The Starlite Theatre Marquee by
(11 Stories)

Prompted By Drive-Ins

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My job, among others, was changing the names of the movies.

“Marquee” is such a fancy word for a drive-in. At the Starlite Theatre we just called it “the big sign.” The original 1947 marquee was on the street side of the screen, but by the time I worked there in 1972 the big sign was the free-standing, curbside sign on the street itself- Harbor Blvd. in Belmont, California. It was probably 20 feet high by 20 feet wide, with a bare metal ladder and platform. My job, among others, was changing the names of the movies, about once a week, late at night, rain, or wind or otherwise.

The letters for the big sign were stored inside the movie screen itself, a 40- foot edifice with an office underneath and probably a healthy community of rats. The letters were 12” heavy red plastic with metal clips to attach to the parallel runners of the sign, and were stored in cubicles, alphabetically. Before climbing the dark stairs into the musty attic of the screen, I had to write out the layout for the words, so I knew how the feature film would be centered on the big sign, and then grab all the letters, hoping there were enough of the right kind. I was grateful for “Deliverance” or “Cabaret;” not so much for “Everything You Always Wanted to Know About Sex But Were Afraid to Ask,” which I probably had to abbreviate.

Then I had to make the trek out to the big sign on the street, climb the ladder, and hope I wasn’t blown off or drop a letter. Sometimes a friend would come by to watch – though rarely help. I would climb down, stand back, and admire my work when done. I was an excellent speller, thank goodness.

In those days, we would announce the snack bar menu and upcoming movies on the public-address system right before intermission. All kinds of high jinx ensued. Sometimes we’d sing the menu a Capella, or purposely mispronounce movie stars’ names. And since much of the “fresh” food on the menu -hot dogs, hamburgers, and pizza- were made in a hand steamer, we might just under or over cook an item. I can still remember the bell and big keys of the National cash register at the candy counter.

The Starlite Theatre closed in 1974, was demolished, and became a Pepsi Cola factory. I always wondered if it had anything to do with our shenanigans?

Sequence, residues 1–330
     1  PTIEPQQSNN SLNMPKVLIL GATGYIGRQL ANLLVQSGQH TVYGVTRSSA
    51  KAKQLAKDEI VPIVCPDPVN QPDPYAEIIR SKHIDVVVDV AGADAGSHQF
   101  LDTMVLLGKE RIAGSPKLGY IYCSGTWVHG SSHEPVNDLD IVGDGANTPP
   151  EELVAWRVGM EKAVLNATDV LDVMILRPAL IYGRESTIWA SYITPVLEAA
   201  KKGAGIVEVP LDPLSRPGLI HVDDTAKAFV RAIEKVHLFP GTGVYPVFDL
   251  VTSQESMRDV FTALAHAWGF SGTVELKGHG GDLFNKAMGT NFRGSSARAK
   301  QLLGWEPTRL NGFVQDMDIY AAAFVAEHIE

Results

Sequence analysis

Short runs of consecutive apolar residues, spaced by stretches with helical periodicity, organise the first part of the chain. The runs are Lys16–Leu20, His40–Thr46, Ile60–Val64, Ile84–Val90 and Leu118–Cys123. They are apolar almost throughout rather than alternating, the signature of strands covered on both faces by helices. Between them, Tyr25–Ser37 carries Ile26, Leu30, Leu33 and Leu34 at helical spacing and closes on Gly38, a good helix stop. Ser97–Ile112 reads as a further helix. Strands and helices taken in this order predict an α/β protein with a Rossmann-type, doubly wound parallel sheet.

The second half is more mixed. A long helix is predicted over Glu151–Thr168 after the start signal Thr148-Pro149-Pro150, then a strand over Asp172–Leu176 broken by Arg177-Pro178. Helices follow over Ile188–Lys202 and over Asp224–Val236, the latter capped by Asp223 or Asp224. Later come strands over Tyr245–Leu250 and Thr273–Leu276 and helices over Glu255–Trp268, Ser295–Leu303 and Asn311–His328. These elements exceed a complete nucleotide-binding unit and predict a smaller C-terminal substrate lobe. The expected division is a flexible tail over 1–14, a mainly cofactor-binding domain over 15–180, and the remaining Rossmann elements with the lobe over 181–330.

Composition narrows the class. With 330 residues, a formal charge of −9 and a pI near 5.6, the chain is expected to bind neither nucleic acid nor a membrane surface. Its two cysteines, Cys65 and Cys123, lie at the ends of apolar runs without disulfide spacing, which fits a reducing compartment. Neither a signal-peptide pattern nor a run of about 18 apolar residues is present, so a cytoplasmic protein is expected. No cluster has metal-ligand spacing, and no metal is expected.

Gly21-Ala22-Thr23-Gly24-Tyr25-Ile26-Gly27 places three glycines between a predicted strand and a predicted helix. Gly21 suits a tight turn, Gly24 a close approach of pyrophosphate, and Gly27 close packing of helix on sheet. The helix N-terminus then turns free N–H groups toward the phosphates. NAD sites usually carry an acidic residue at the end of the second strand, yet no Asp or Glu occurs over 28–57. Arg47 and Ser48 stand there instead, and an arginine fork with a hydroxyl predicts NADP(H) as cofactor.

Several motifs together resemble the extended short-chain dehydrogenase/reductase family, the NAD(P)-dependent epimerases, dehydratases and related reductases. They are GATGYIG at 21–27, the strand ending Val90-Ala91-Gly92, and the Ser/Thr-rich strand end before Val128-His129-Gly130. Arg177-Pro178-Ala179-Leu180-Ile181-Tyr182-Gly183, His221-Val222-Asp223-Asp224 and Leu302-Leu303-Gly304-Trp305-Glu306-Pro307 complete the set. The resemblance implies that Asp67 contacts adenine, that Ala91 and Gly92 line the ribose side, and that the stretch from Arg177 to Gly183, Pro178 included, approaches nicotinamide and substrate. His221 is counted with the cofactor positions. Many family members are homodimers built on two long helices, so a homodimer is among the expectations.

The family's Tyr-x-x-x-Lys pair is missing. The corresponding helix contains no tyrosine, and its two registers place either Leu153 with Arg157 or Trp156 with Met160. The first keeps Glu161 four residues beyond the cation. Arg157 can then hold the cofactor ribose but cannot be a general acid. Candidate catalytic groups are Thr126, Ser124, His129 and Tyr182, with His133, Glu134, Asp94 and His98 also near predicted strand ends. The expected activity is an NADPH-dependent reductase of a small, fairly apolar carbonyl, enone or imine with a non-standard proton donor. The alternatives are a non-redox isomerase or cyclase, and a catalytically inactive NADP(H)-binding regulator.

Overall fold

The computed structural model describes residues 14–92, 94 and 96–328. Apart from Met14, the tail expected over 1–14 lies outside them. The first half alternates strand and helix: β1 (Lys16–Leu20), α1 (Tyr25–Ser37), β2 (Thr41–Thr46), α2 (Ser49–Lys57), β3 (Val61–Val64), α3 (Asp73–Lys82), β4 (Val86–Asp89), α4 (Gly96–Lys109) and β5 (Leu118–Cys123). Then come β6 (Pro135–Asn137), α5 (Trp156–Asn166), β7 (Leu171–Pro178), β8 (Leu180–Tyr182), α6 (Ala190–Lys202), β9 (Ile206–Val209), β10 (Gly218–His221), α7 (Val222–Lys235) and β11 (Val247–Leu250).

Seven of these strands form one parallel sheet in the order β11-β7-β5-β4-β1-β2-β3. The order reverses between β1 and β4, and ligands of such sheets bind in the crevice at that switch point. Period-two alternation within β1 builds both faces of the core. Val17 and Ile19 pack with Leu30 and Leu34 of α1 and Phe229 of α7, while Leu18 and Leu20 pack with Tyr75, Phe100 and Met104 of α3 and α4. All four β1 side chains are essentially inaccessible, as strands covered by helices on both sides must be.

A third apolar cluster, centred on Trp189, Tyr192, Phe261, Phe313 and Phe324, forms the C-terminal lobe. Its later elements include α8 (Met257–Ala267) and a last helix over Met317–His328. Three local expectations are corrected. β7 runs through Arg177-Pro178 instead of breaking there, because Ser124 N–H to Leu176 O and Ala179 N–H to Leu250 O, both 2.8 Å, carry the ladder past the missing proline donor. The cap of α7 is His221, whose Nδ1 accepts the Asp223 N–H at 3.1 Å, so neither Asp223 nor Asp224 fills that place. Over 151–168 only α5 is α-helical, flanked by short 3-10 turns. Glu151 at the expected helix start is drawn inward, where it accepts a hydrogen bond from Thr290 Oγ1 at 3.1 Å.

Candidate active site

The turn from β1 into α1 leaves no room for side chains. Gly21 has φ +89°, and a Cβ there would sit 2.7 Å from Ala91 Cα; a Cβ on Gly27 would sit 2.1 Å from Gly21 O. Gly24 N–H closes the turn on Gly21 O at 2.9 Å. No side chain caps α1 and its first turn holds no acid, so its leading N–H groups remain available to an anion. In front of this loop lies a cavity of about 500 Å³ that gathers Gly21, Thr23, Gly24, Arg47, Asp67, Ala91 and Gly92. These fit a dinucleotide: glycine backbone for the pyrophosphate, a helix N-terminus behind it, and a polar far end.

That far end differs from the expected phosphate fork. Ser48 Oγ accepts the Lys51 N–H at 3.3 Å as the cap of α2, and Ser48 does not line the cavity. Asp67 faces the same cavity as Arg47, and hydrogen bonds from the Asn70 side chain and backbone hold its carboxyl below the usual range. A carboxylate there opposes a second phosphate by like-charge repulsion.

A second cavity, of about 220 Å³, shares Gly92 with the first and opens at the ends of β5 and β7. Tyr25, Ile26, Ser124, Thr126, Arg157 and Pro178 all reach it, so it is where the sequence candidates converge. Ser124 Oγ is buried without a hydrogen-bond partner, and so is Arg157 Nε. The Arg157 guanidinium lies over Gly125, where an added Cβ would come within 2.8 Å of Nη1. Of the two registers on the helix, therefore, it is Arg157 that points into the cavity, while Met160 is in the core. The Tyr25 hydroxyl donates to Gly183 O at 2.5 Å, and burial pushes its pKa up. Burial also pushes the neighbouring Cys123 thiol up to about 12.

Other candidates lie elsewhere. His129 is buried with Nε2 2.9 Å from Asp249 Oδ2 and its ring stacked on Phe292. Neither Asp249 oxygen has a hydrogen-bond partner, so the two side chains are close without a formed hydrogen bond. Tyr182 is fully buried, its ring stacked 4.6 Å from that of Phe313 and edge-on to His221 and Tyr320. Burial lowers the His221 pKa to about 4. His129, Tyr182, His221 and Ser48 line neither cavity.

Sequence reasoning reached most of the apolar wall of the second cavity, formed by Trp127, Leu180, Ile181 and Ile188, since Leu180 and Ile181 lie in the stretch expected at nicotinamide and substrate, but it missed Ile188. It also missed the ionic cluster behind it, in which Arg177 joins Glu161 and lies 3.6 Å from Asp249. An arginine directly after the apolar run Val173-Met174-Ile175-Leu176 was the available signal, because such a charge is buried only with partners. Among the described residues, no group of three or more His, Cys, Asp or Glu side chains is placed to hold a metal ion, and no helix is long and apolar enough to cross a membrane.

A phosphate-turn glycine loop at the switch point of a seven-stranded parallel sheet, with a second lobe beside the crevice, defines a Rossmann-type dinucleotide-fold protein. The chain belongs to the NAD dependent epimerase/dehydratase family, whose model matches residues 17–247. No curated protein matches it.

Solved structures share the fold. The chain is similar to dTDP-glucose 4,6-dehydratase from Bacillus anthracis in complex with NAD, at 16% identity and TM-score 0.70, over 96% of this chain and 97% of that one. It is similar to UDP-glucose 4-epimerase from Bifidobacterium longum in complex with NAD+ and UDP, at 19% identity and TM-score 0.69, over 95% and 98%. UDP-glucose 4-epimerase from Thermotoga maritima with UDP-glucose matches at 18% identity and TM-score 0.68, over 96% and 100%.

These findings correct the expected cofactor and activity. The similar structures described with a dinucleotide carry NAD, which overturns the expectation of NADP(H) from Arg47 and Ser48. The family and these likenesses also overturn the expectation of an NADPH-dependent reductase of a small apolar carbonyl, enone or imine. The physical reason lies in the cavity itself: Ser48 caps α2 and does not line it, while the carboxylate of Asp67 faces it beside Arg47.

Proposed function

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Characterizations: right on!


  1. Betsy Pfau says:

    Thanks for this insider’s story of the last gasp for the old drive-in. Cool that you worked there. I started to wheeze, just thinking of you going into the musty room to get the letters each week, being allergic to dust myself. Your vivid description did not make me want to run right out and purchase a hot dog from the concession stand! A throw-back to a forgotten era. Thanks for sharing.

  2. Patricia says:

    Every so often I’d see someone on a high ladder changing those letters and think, that doesn’t look like fun. And many times you’d see the lack of an “e” or a deliberate misspelling and know that they’d run out of some letter! The end of an era, and your shenanigans.

  3. John Zussman says:

    I love these stories when we learn what was happening behind the scenes of the venerable institutions we all patronized. I especially sympathize with hoping you have enough letters to spell the movie titles. How many times did you have to use a 5 in place of an S, or an upside-down 7 in place of an L?

    But what I’d really like to witness is you singing the menu a cappella. A great image!

  4. Susan says:

    Oh my, you 20′ up on a ladder with the bay breezes threatening to whisk you away! And 12 inch letters – I guess they had to be that big to be seen from the freeway. I had forgotten about the public-address system that the drive-ins had. My hometown was a less cultured environment, obviously…no a capella singers wooing us in to purchase those fresh hot dogs. Hilarious all around, thanks so much for sharing.

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